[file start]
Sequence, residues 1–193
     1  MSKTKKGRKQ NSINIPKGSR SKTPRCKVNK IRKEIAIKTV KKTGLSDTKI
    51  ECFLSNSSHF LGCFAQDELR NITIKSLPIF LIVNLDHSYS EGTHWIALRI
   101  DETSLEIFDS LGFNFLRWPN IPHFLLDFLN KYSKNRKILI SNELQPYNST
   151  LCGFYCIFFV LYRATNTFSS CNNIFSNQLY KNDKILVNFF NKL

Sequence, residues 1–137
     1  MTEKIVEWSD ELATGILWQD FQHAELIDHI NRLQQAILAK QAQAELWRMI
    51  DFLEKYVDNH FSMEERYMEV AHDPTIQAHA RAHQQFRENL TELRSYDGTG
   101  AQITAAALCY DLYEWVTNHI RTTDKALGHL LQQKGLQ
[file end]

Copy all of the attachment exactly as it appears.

Sequence, residues 1–193
     1  MSKTKKGRKQ NSINIPKGSR SKTPRCKVNK IRKEIAIKTV KKTGLSDTKI
    51  ECFLSNSSHF LGCFAQDELR NITIKSLPIF LIVNLDHSYS EGTHWIALRI
   101  DETSLEIFDS LGFNFLRWPN IPHFLLDFLN KYSKNRKILI SNELQPYNST
   151  LCGFYCIFFV LYRATNTFSS CNNIFSNQLY KNDKILVNFF NKL

Sequence, residues 1–137
     1  MTEKIVEWSD ELATGILWQD FQHAELIDHI NRLQQAILAK QAQAELWRMI
    51  DFLEKYVDNH FSMEERYMEV AHDPTIQAHA RAHQQFRENL TELRSYDGTG
   101  AQITAAALCY DLYEWVTNHI RTTDKALGHL LQQKGLQ